TOUCH Community Services is a not-for-profit charitable organisation. The organisation was started by individuals who recognised the obvious need of low-income and single-parent families with difficulties making ends meet, much less raising their children in a positive environment. They are a multi-service organisation with an integrated network of 17 services, 13 centres and 19 children's clubs located at different parts of Singapore, including Bukit Merah, Clementi, Geylang Bahru, Hougang, Serangoon, Toa Payoh, Ubi and Yishun.
Over the last 23 years, TOUCH has reached out to many individuals from all religions and races, including children, youths, families, people with special and healthcare needs and the elderly. They mostly require volunteers to help with children or the elderly. TOUCH Home Care (THC) provides home medical, home nursing and home rehabilitative services to help the frail elderly with mobility problems enjoy greater independence and better quality of life at home.
Their Befrienders Programme involves volunteers being in service to the elderly by ferrying them to their regular hospital appointments. They also have a Meals-On-Wheels programme which delivers daily meals to elderly-in-need.
TWC2 is a non-profit organisation in Singapore dedicated to improving conditions for low-wage migrant workers, perhaps the largest group of disadvantaged persons here, numbering about one million out of a total population of five million in this city.
They welcome anyone who shares their core objectives to join as a member and/or volunteer with them. Their members and volunteers span the demographic spectrum from top academics and professionals to eager young Singaporeans, to retirees wanting to contribute to society, to hardworking migrant workers themselves.
You can also contribute in the form of donation. Their website provides details of the various programmes they offer and how one can begin to contribute to this.
Beyond the Border, Behind the Men is a project started by three friends and their migrant worker friends which culminated in a short-film and photo essay. They believed that like us, these workers are fathers, sons, husbands, story-tellers and dreamers too. And on a more fundamental and human level, we are all equals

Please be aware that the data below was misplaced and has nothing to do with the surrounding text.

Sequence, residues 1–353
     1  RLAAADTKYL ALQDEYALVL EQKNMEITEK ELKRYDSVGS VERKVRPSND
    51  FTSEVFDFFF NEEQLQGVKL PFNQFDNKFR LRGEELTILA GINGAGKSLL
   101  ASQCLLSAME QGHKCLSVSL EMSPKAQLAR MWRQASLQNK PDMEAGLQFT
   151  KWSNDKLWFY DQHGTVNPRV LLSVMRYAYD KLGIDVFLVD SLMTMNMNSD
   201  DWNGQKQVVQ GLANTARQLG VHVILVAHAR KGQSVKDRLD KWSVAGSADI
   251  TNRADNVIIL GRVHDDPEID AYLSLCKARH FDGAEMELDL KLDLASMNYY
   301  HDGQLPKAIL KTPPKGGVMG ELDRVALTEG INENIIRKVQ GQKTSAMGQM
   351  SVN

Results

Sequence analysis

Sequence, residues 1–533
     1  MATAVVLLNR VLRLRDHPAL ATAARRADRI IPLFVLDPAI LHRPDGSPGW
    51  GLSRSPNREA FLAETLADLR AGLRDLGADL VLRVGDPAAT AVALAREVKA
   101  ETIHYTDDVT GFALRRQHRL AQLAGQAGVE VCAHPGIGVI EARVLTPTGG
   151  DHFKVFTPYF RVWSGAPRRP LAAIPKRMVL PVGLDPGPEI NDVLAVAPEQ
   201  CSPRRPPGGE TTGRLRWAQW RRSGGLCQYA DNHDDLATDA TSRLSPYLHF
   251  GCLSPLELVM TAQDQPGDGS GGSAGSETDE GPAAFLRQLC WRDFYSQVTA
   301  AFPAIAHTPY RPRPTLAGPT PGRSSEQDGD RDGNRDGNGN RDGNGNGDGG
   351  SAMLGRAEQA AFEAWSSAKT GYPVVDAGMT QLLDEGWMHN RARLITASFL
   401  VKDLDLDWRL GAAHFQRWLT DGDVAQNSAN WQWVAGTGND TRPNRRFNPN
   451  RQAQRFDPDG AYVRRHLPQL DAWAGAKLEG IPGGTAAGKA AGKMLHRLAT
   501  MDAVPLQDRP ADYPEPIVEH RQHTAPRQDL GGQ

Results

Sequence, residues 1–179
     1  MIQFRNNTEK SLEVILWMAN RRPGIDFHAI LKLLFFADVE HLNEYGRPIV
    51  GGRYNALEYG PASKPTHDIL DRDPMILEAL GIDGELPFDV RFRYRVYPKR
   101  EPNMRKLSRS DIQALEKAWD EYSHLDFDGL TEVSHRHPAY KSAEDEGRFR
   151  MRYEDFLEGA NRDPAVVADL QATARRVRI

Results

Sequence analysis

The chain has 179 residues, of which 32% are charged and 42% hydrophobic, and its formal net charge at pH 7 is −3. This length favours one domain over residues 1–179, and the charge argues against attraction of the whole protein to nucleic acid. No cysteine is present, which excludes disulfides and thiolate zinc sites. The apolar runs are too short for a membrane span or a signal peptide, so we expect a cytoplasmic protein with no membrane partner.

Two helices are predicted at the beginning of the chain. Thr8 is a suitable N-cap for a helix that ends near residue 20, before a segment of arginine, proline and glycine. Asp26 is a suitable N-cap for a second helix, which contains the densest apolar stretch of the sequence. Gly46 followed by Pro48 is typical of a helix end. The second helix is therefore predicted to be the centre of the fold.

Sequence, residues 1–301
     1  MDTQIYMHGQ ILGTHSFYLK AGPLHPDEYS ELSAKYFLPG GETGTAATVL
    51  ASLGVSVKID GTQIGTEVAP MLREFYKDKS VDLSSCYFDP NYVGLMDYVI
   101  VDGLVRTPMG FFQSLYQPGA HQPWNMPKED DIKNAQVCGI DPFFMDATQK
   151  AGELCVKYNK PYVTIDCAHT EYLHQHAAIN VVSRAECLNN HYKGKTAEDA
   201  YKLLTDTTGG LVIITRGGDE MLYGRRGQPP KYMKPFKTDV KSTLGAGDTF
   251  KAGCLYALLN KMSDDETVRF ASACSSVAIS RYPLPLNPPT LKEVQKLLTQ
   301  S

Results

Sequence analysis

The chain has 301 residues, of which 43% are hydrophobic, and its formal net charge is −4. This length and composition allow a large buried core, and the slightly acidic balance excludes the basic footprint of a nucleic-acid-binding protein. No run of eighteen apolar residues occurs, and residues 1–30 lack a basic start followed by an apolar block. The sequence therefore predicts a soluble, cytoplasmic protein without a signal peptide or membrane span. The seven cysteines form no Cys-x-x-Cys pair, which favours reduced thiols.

They wanted to look beyond stale stereotypes such as the construction or shipyard worker, the cleaner, the Bangla, as they believed that there had to be more to this one-dimensional representation. Thus they went to Bangladesh to collect stories to pay tribute to these “builders” of our country and those they leave behind. The project was created to celebrate the men’s resilience, spread stories of cheer and inspiration, and pay tribute to the human spirit.
AIDHA works with domestic workers in Singapore. They believe in empowering and providing opportunities for lower income and migrant workers to transform their lives through sustainable wealth creation. They believe that every woman should have the opportunity and choice to determine her own future. To achieve this goal, they provide a holistic training programme that includes money management, computer literacy, leadership and entrepreneurial skills to these migrant workers. With these skills, their students can choose to open businesses of their own or invest in productive assets like livestock and land in their home countries. These opportunities enable them to break the cycle of poverty.
They believe that if every Aidha student shares her skills with her family and friends, it could in turn benefit a whole community, making the multiplier effect of our financial literacy programme huge and life-changing.